The cost of the Tokyo Olympics was $15.4 billion. What else could the cash be used for?


The official cost of the Tokyo Olympics is USD 15.4 billion, making it the most costly Olympics ever, according to a University of Oxford analysis.

else could a billion dollars buy? In Japan, the cost of constructing a 300-bed hospital is estimated to be over USD 55 million. So you’d be able to put up nearly 300 of these.

In Japan, the average primary school costs over USD 13 million. You get 1,200 schools for that price.

A Boeing 747 costs around USD 400 million, according to a fast search. For the price of the Tokyo Olympics, you get 38 jumbo planes.

The point is that Olympic Games are expensive and may take precedence over other objectives. In fact, according to various government audits, the true cost of the Tokyo Olympics is substantially higher than the official number, possibly twice as much.

Except for USD 6.7 billion, all of the money comes from taxpayers. The IOC’s contribution is USD 1.3 billion, according to the most recent budget. Following the pandemic, it contributed many hundred million more.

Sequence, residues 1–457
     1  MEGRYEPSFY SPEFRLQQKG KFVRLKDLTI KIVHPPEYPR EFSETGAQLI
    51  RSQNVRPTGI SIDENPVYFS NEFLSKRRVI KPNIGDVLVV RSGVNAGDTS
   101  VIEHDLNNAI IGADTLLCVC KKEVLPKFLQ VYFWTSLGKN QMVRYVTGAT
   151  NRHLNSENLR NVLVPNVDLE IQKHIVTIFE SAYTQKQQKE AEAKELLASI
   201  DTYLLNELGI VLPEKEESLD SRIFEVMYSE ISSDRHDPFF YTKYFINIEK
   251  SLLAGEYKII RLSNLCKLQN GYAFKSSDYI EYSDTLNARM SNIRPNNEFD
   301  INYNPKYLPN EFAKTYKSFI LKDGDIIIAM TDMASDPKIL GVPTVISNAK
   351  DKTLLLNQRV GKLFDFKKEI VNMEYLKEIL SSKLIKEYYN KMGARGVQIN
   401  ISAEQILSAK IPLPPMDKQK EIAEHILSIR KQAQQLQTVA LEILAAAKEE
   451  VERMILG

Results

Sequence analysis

In a research conducted by the University of Oxford, it was discovered that all Olympic Games since 1960 had had cost overruns averaging 172 percent. Depending on the cost figure you use, Tokyo’s cost overrun is 111 percent or 244 percent.

In an email, Oxford author Bent Flyvberg said, “The IOC and host cities have no interest in tracking expenses because tracking tends to expose cost overruns, which have increasingly become an embarrassment to the IOC and host towns.”

Flyvberg also mentioned that costs may be cut if the IOC took on more of the bills instead than the organisers’ wallets.

Following costs is a time-consuming task fraught with debates about constitutes an Olympic expense and what does not. Numbers from separate games can be “opaque and non-comparable,” according to Flyvberg, necessitating sorting and tracking.

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“The issue is separating is Olympic spending from what is simply ordinary infrastructure spending that would have occurred anyway but was accelerated for the Olympics.”

Victor Matheson, a student at College of the Holy Cross studying sports economics, wrote in an email.

For example, he claims that the 1964 Tokyo Olympics were “either one of the cheapest or one of the most expensive Games,” depending on how much of the preparation costs are counted as Olympic costs.